Referring to FIG. 28, in step 1800, a target hydraulic pressure Pt for each of the wheel cylinders 4, 5, 34, and 35 is determined according to the equation (24) below.

Pt**=Pmc+ΔP**  (24)

where Pmc indicates the master cylinder pressure which may be determined using an output of the M/C pressure sensor 70 or estimated mathematically, and ΔP** indicates the controlled variable for each wheel determined by one of the above equations (20) to (23).

In step 1810, the wheel cylinder pressure Pe** of each of the wheel cylinders 4, 5, 34, and 35 is determined. This determination may be made using outputs of pressure sensors (not shown) installed in the hydraulic lines near the wheel cylinders 4, 5, 34, and 35 (e.g., in a case of the wheel cylinder 4, a portion of the branch line A1 between the pressure elevation control valve 71 and the wheel cylinder 4) or alternatively by look-up using maps in terms of a solenoid-energizing signal output pattern and hydraulic output characteristics of the pressure elevation control valves 71, 81, 371, and 381 and the pressure reduction control valves 11, 12, 41, and 42.

In step 1820, a hydraulic control parameter R** is determined according to the equation (25) below which is used under the PID-control in determining whether the wheel cylinder pressure for each wheel.

R**=PID(Pt**, Pe**)  (25)

In step 1830, an inclination of the hydraulic control parameter R** is restricted to control a change in wheel cylinder pressure.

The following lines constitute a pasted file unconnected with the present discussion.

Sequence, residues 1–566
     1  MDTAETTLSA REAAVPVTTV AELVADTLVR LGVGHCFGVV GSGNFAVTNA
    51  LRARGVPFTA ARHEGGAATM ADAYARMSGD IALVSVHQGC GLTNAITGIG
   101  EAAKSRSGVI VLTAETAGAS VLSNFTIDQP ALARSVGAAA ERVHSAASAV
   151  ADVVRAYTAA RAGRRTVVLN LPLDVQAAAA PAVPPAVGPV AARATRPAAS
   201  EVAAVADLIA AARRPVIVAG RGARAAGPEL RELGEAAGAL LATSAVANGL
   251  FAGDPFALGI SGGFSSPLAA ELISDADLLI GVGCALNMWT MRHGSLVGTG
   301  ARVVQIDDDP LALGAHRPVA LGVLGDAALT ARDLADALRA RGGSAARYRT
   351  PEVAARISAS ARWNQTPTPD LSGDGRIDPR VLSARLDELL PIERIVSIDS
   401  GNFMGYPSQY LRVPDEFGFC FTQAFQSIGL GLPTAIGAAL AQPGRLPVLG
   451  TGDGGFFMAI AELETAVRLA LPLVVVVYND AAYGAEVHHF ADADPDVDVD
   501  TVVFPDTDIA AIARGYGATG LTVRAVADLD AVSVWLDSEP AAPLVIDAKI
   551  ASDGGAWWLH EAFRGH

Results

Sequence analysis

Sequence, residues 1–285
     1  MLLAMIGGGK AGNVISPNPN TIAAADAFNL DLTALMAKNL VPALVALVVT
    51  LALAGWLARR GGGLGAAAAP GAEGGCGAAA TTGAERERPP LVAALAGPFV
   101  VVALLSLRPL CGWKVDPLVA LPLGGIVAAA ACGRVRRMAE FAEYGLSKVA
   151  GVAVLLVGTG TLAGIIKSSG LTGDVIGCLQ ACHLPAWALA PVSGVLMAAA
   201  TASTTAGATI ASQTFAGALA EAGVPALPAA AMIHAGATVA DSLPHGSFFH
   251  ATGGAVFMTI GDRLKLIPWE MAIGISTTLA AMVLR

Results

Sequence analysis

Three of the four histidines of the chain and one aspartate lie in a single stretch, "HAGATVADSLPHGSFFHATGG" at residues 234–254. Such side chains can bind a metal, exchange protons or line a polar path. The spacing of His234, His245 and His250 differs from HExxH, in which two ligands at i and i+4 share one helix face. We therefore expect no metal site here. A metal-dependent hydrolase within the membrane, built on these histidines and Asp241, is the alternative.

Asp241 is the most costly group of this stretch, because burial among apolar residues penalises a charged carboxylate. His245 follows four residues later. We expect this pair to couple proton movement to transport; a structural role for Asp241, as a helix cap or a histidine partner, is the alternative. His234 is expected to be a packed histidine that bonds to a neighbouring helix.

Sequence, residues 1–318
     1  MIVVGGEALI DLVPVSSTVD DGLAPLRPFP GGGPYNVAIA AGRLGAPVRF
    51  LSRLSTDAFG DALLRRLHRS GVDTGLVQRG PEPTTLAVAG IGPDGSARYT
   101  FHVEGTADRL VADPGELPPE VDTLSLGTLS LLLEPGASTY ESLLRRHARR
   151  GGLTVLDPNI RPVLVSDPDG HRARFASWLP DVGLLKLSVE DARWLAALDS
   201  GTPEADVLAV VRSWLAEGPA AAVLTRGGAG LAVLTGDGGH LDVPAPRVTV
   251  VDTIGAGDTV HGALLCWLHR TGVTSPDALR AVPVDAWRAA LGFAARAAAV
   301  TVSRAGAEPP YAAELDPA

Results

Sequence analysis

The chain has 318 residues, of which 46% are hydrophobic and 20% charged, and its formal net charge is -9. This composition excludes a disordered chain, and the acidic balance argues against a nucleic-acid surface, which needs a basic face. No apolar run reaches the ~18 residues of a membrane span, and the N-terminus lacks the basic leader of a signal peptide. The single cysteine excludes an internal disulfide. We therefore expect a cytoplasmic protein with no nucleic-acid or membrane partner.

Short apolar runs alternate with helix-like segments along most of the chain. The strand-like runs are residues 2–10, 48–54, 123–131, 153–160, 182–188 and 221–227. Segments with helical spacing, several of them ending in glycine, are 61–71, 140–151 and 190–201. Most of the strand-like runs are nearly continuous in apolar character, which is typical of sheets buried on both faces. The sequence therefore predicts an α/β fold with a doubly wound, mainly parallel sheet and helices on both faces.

In step 1840, a control signal output pattern (i.e., an energized pattern of a solenoid) for each of the pressure elevation control valve 71, 81, 371, and 381 and the pressure reduction control valves 11, 12, 41, and 42 is determined using maps, as shown in FIGS. 29 and 30.

The operation of the vehicle behavior control apparatus will be discussed below with reference to FIGS. 31 and 32.

FIG. 31 shows the wheel cylinder pressure for each wheel regulated based on the state variable of the vehicle body (i.e., the lateral acceleration acting on the vehicle body) when the tack-in takes place and the state parameters S1 to S3 during turning to the left with no braking.

Assume that the vehicle starts to turn to the left at time t0, and the lateral acceleration acting on the vehicle body reaches G1 at time t1 and then is kept constant.